worry about, and that will be you, Cordell." Hull said he was going 
to sit tight and rely on the President's word. I agreed that was the 
only thing to do. I understand Roosevelt never discussed the Presi- 
dency with Hull again until the day he told Hull he was going to run 
for a third term and asked Hull to take second place on the ticket. 



Farley's hat in ring 231 

In this period Mrs. Farley happened to be seated at the President's 
left at an official White House dinner one night. He remarked to her, 
"I'm having a terrible time, Bess; they're trying to make me run and I 
don't want to." He looked at her with an engaging smile. 

"Well," Mrs. Farley answered, "you're the President, aren't you? 
All you have to do is tell them you won't run." He blinked surprise 
and turned to the lady on his right. 

On April 30, 1940, Basil O'Connor, former law partner and close 
friend of the President, came to see me, saying that he had attempted 
to patch the rift between the President and myself. 

"I talked with him about what I called the Farley situation," O'Con- 
nor reported. "I asked him why he did not sit down and talk things 
over with you. I told him that he could explain his position to you. He 
answered that there is no reason to do it now. I must admit I didn't 
do anything about the situation; I got just exactly nowhere in my ef- 
forts." 

O'Connor said the President indicated he would reluctantly take 
Hull. Roosevelt talked about Jackson and Wallace for the Vice Presi- 
dency, mentioning Rayburn as a possibility. O'Connor was of the 
opinion that Roosevelt would not be a candidate unless an unforeseen 
situation should develop abroad. 

What Basil told me confirmed my suspicions that the President never 
wanted me on the ticket. O'Connor said that the President had not 
asked him what he thought of running for a third term. Basil said that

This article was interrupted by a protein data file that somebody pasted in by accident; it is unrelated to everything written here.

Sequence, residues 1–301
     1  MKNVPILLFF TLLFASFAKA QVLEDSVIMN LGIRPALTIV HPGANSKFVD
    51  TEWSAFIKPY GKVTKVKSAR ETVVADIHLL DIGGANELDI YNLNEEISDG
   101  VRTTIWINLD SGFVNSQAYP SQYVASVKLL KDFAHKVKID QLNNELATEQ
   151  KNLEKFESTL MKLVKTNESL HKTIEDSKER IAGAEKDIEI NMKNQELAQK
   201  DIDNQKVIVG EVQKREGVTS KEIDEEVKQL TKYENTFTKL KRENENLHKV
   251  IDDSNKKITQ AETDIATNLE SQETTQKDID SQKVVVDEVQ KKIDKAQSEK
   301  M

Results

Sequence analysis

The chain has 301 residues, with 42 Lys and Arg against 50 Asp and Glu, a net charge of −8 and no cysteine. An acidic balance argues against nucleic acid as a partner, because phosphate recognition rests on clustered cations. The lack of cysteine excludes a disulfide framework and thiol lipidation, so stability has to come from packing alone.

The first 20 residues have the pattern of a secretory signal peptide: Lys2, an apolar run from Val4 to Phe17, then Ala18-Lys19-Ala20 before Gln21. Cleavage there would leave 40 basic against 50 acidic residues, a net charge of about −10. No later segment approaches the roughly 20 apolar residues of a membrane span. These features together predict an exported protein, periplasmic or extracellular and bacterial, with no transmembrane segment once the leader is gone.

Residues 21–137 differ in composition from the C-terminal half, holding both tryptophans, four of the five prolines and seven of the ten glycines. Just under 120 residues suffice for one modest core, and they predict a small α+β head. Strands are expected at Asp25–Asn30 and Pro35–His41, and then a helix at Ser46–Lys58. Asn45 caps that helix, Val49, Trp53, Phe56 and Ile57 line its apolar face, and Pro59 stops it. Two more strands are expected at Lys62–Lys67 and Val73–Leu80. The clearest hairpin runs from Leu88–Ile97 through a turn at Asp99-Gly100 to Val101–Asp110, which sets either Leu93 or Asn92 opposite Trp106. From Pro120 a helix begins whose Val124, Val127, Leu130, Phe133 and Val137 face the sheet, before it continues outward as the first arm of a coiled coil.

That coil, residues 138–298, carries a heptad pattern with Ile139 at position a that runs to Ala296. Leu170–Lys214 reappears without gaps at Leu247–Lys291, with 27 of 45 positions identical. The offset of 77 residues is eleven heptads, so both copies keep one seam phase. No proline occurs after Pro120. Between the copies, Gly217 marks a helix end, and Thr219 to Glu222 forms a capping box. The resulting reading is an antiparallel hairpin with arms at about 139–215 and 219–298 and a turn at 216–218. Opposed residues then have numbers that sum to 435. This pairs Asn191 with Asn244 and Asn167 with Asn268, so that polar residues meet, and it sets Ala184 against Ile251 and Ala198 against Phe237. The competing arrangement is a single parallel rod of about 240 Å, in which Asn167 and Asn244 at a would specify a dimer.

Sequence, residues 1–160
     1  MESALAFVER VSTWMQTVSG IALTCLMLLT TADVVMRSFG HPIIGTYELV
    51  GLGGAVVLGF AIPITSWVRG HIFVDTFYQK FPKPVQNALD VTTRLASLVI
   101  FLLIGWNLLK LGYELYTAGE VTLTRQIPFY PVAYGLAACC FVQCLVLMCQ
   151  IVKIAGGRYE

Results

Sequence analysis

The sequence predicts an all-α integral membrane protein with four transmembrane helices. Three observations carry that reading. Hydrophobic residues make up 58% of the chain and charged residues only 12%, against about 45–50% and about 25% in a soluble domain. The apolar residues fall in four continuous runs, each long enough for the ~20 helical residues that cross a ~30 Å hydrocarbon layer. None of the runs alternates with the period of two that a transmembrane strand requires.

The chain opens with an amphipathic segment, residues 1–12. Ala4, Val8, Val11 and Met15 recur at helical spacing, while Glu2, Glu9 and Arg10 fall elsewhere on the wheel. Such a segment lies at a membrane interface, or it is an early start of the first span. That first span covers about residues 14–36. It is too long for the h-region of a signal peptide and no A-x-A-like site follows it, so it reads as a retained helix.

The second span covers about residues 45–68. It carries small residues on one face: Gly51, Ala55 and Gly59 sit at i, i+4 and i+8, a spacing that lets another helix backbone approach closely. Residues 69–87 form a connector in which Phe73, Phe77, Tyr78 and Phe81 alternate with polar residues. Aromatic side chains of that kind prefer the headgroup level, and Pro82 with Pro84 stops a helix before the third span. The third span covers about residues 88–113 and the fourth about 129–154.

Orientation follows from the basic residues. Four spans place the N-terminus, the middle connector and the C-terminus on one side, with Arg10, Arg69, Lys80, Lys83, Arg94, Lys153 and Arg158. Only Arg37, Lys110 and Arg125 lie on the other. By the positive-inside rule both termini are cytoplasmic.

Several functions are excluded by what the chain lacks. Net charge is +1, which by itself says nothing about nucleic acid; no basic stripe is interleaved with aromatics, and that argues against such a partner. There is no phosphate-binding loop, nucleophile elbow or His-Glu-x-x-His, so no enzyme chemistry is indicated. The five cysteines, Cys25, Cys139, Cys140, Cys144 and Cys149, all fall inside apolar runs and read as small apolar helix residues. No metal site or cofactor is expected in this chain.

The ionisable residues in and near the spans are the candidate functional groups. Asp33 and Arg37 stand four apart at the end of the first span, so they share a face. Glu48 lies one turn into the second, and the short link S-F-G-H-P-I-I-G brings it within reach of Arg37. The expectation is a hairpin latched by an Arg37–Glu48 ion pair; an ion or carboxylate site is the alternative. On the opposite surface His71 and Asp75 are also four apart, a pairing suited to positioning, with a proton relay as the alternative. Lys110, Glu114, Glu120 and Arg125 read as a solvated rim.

had Roosevelt done so, he would have told him frankly that it would 
be a terrible thing. I know he would have done so, because O'Connor 
never hesitated to speak the truth to his long-time friend. He did so to 
the end. I feel he was possibly the only person who did so in Roose- 
velt's last years. 

From the time of the Lindley story the President virtually ignored 
me, I was not invited to the White House except when my position 
in the Cabinet made an invitation imperative. Taking a cue from the 
White House were many who had professed to be my friends. They 
avoided me as though I were the plague. Some channels of informa- 
tion dried up. One of the most amazing evidences of the extent to 
which I was cut off came from the State Department. Some time back, 



232 Jim Farley's story 

an Assistant Secretary of State had promised to help in the prepara- 
tion of a couple of speeches, one which I had promised Senator Tru- 
man of Missouri I would deliver at Fulton, Missouri. Another one 
was to be on foreign affairs. The Assistant Secretary reported the 
speeches had been sent to my New York office. They did not show up. 
Finally, Ambrose O'Connell, First Assistant Postmaster General, went 
to the official, who frankly confided he was under White House or- 
ders not to help me and asked that I should not embarrass him by call- 
ing on him. I sent word that I would not. 

I was no longer consulted on even the most trivial of appointments. 
I found the White House was dealing directly with political leaders 
and members of Congress and members of the Cabinet on these mat- 
ters. It was evident that the President didn't want to talk to me, that 
he was going out of his way to avoid any meeting that might lead to 
a discussion. I met the situation by staying away from Washington as